A Common Misconception of Non-Profit's - and its Impact on Sustainability

Type: Publications | Author: Joe Deliso
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 Over the years I’ve had the opportunity to work with many Non-Profit organizations struggling to make ends meet.  And while they all have had their own specific nuances and problems, I often find one common issue contributing to their inability to succeed financially.   


This problem is not complex and in fact, easily identified and corrected once understood.  But it goes to the very heart of an organizations culture and for this reason it can be overlooked by the most intelligent and competent community leaders.


And why is it easily overlooked?  Because the problem stems from a widely held and deep seated misconception about Not-for-Profit organizations that permeates throughout our culture.


What is that?  It’s the perception that Non-Profits aren’t supposed to make one; a profit that is.

Consider this for a moment:

 “A Not-for-Profit” organization is one whose mission contributes to the good of community and thus qualifies to be exempt from taxation;

“A Non-Profit” is simply an organization that spends more than it takes in” 

This might strike you as minor grammatical distinction, but it’s really not.  It’s far more important than grammatical correctness because the distinction strikes to the essential spirit and culture of the Not-for-Profit organization.


 Working with struggling Not-for-Profit organizations I often find many solid and well intentioned people actually operating under the assumption they are not supposed to make a profit.  They have come to believe a state of break-even is their real goal and that leads to eliminating all motivation to generate a surplus (profit).  Honestly, I find this all the time and it goes straight to our cultures fundamental bias against the term “profit”.


Peter Drucker had a wonderful perspective on profit when he said  “Profitability is not the purpose of, but a limiting factor on, business enterprise and activity   This is a  fundamental truth isn’t it?  While profitability may certainly not be the driving purpose of an organization, a lack of profitability limits what the organization can do or achieve.  This is true for all organizations whether tax-exempt or not.


Not-for-Profit simply means it was created “not” for the generation of shareholder profit.  If the organizaiton exists to advance the common good and falls within certain criteria of worthy endeavors our government allows its income be plowed back to the mission.  No taxes.  But nowhere does the tax code specify that the organization is to run without profit.


It’s pretty easy to agree that unless you have the ability to print your own money; organizations running at breakeven will be unstable and limited in what they can accomplish.  If you live on the brink you have little choice but to live month to month.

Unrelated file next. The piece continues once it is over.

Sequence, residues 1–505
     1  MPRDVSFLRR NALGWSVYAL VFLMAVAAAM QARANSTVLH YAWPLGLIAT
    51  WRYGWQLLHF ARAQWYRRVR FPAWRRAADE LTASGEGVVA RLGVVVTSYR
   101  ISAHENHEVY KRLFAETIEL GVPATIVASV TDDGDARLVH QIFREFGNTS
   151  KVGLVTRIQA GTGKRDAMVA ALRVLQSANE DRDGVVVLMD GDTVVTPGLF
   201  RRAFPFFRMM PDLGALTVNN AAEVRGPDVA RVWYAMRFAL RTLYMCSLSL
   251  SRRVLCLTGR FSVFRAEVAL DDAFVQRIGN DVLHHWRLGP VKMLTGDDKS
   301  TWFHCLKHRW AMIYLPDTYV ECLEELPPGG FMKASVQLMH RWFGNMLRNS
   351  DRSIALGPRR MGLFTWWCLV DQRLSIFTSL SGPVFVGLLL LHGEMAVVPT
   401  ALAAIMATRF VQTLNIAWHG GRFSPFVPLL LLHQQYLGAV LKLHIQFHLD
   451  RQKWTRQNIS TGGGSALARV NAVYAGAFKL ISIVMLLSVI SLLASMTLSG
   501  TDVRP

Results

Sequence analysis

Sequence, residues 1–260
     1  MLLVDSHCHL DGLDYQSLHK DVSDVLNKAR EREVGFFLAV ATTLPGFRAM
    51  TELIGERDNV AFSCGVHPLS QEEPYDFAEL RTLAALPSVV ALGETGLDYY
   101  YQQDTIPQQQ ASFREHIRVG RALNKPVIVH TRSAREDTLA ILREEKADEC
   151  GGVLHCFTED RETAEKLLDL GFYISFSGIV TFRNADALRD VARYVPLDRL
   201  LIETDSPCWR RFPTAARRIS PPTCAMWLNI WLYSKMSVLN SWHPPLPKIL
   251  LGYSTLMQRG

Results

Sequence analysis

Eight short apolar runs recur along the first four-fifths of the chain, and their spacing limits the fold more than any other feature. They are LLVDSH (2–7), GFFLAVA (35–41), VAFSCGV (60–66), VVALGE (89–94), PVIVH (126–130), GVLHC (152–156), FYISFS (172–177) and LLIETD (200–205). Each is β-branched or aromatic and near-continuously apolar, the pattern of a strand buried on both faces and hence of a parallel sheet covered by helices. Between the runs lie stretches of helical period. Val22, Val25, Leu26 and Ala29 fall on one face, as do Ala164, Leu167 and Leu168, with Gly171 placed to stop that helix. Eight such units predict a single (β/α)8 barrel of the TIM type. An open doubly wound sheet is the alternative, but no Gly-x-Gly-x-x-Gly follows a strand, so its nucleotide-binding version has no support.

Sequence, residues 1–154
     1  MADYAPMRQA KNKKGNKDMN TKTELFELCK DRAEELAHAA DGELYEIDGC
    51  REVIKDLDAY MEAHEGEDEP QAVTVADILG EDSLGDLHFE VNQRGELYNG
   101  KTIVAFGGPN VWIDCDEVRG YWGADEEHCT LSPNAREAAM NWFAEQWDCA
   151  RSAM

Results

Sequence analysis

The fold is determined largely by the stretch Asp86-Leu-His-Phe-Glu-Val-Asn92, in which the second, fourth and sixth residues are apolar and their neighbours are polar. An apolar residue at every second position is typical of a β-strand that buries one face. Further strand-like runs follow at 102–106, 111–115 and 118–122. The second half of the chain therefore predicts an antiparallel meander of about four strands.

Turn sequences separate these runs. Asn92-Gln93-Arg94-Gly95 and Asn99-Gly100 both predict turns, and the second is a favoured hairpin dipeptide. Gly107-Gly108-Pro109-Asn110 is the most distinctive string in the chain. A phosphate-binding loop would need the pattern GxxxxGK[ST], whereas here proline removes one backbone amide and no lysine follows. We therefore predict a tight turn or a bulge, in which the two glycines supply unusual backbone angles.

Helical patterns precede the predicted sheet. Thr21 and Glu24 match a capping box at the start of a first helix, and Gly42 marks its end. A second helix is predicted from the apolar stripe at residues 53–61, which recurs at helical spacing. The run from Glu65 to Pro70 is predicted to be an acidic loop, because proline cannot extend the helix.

Break even is not a sustainable model for any organization regardless of tax status.

Yet so widespread is this misconception of “Nonprofit” that for many directors and boards, operating at break-even is by definition success.  This becomes a pattern of thinking which leads to behavior perpetuating a  non-sustainable operating model. When the entire organization eliminates profit (surplus) from its thought process, it leads to genuine problems. When the shared belief is that “we don’t make a profit here”, it naturally becomes a self fulfilling reality.


I argue that the leadership of any struggling Not-for-Profit will immediately benefit by considering how making an operating "surplus" can fit into their operating culture.


I encourage all directors and boards to be sure the term “profit” or if you like “surplus”  is properly understood throughout their organization. Make sure everyone acknowledges that making a profit (surplus) does not diminish the mission of the organization or the wonderful contributions it makes to a community; quite the contrary.   Not-for-Profit organizations which regularly post operating profits are often the most valued and effective community organizations that exist. These are the ones that grow and expand their services year after year. They are able to hire more competent staff which improves their overall service competency and in turn better serves their mission.


It’s also true, and often misunderstaood that profitable organizations actually attract larger and more consistent donors.  Sophisticated donors seek out effective operations and are especially partial to those demonstrating ongoing sustainability.


Want to know if the role of profit is understood  in the not-for-profit you know?

Start with the annual budget process.  Does the chief executive have a net profit (surplus) expectation built into the operating budget?  If the budget process focuses on break even for more than a year or two, you have a clear sign. 

Talk to board members and ask what net income expectation they have, or what it should be for an organization such as theirs

Interview the key staff and ask them if their activity is contributing profit to the organization. If you get a strange look, you’ll know you’re onto something


Conclusion? If you’re Not-for-Profit has been struggling year after year with fiscal stability, look to your culture and check to see if  generating a profit has a place in the organizations priorities. If not, you have identified one key fundamental cause.


₁ The Definitive Drucker –Elizabeth Haas Edersheim – McGraw Hill ©2007


About the author: 

Joe Deliso is Managing Director of Blackstone Management & Consulting LLC, a Massachusetts based consultancy providing strategic and executive counsel and interim-leadership to both For Profit and Not-for Profit organizations. For more information visit or contact Joe at